“To anybody contemplating doing the course, I would emphasise the multiple levels at which it operates. Performing a task involves reading the instructions, reading the preparatory readings, thinking about them in relation to the task and my experience, writing my contribution and reviewing it until I’m happy it’s clear and concise, posting it, reading everybody else’s postings, responding to those postings (whether in writing or just in my head), thinking about how my own ideas have been enlarged, posting questions for everybody else and on occasions replying to their questions. Then reading the summaries at the end of the task, and probably printing them out. That’s a lot of different things going on, and the cycle starts again every week!” (Online Tutoring course participant, OCLSD, 2005)
We suspect that course designers and tutors would do well to explain to students their tasks and responsibilities in this kind of detail and work with them to develop the new learning skills that they will require.
Similarly, we suggest that future research should focus on eliciting the experiences, habits and strategies of effective e-learners. It is interesting to note that in education more broadly, we have a fairly good idea in teaching and learning of how an effective learner is characterised: active and strategic, skilled in co-operation and dialogue, able to develop goals and plans, and monitors own progress (Watkins et al., 2002). We are not yet sure how to characterise an effective e-learner, although this review would point us at least to questions we might want to ask them about their organisation, study habits, and strategies and conceptions of learning.
This review was undertaken as part of a scoping study to provide the background and methodology for a study on learner experiences of e-learning funded by the Joint Information Systems Committee. The team members were Rhona Sharpe and Greg Benfield from Oxford Brookes University, Ellen Lessner from Abingdon and Witney College and Eta DeCicco from the National Institute of Adult Continuing Education.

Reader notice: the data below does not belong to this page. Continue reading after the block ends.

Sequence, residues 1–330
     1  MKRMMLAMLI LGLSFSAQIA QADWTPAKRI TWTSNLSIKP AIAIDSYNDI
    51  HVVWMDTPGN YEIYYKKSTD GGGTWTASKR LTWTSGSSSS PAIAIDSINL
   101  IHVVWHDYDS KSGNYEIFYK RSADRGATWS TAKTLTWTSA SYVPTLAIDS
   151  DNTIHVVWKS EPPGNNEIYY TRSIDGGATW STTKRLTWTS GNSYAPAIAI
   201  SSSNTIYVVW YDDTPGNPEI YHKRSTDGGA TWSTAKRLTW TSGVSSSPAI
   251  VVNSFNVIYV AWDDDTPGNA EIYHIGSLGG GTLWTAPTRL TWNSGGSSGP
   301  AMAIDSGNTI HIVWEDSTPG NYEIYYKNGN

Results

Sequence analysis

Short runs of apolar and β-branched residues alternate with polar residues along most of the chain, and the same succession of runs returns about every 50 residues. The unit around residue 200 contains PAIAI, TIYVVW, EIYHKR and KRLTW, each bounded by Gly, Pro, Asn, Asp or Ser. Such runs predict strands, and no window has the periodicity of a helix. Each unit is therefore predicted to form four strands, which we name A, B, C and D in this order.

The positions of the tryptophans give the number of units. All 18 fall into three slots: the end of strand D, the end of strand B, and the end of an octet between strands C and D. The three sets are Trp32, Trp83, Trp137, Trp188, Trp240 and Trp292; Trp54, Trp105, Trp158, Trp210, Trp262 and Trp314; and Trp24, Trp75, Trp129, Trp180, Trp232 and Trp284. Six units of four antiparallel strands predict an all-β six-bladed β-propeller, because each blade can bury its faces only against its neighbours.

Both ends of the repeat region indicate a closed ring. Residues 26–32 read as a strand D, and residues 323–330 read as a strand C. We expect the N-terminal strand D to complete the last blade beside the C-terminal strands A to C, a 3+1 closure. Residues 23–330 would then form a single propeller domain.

Rhona Sharpe is an educational developer within the Oxford Centre at Staff and Learning Development at Oxford Brookes University with particular responsibility for e-learning. In addition to promoting e-learning within Brookes she runs workshops, online courses, and offers consultancy on e-learning topics for higher education staff across the UK.
Greg Benfield is an educational developer within the Oxford Centre at Staff and Learning Development at Oxford Brookes University with particular responsibility for e-learning. He provides internal consultancy on e-learning developments for Brookes course teams and tutors on the Postgraduate Certificate in Teaching in Higher Education, as well as running workshops and online courses for higher education staff across the UK.
Telephone: 01865 485774Email: email@example.com